Tekirdag

Tekirdag, Edirne, Kirklareli

3

Balikesir

Balikesir, Canakkale

4

Izmir

Izmir

5

Aydin

Aydin, Denizli, Mugla

6

Manisa

Manisa, Afyonkarahisar, Kutahya, Usak

7

Bursa

Bursa, Eskisehir, Bilecik

8

Kocaeli

Kocaeli, Sakarya, Duzce, Bolu, Yalova

9

Ankara

Ankara

10

Konya

Konya, Karaman

11

Antalya

Antalya, Isparta, Burdur

12

Adana

Adana, Mersin

T

13

Hatay

Hatay, Kahramanmaras, Osmaniye

T

14

Kirikkale

Kirikkale, Nevsehir, Aksaray, Nigde, Kirsehir

15

Kayseri

Kayseri, Sivas, Yozgat

16

Zonguldak

Zonguldak, Karabuk, Bartin

17

Kastamonu

Kastamonu, Cankiri, Sinop

18

Samsun

Samsun, Tokat, Corum, Amasya

19

Trabzon

Trabzon, Ordu, Giresun, Rize, Artvin, Gumushane

20

Erzurum

Erzurum, Erzincan, Bayburt

C

21

Agri

Agri, Kars, Igdir, Ardahan

C

22

Malatya

Malatya, Elazig, Bingol, Tunceli

C

23

Van

Van, Mus, Bitlis, Hakkari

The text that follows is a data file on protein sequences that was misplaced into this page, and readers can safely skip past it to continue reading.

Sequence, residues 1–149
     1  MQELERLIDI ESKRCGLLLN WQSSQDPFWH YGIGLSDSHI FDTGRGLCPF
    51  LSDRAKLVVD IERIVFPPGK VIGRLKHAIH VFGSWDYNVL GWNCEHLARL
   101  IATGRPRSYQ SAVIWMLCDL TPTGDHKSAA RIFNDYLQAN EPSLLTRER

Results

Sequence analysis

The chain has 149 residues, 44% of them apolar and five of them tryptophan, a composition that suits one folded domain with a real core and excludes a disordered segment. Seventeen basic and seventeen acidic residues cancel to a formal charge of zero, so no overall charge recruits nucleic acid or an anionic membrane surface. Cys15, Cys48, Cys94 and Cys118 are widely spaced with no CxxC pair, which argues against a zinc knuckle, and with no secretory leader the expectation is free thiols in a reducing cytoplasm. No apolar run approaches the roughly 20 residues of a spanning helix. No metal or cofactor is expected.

C

24

Gaziantep

Gaziantep, Adiyaman, Kilis

T

25

Sanliurfa

Sanliurfa, Diyarbakir

T

26

Mardin

Mardin, Siirt, Batman, Sirnak

T

T treatment, C control

Other general variables that do not need any description include gender, age, region (NUTS2), and year dummies.

Variables in the earnings regressions:
  • Real earnings: The earnings variable describes the worker’s monthly earnings including the monthly salary plus bonuses, performance pays, overtime pays earned in the corresponding month. The nominal earnings is deflated (taking 2010 as the base year) by the official CPI figures to generate real earnings.

  • Full-time job: The full- versus part-time status of a job is described by a dummy variable taking 1 if it is a full-time job and 0 otherwise.

  • Firm-size: In the survey, firm-size is measured with the number of workers employed in the firm in which the worker is currently employed. This is a categorical variable describing firm size in 6 categories: 1–9, 10–24, 25–49, 50–249, 250–499, and 500 or above. Each category is included as a separate dummy variable into the regressions.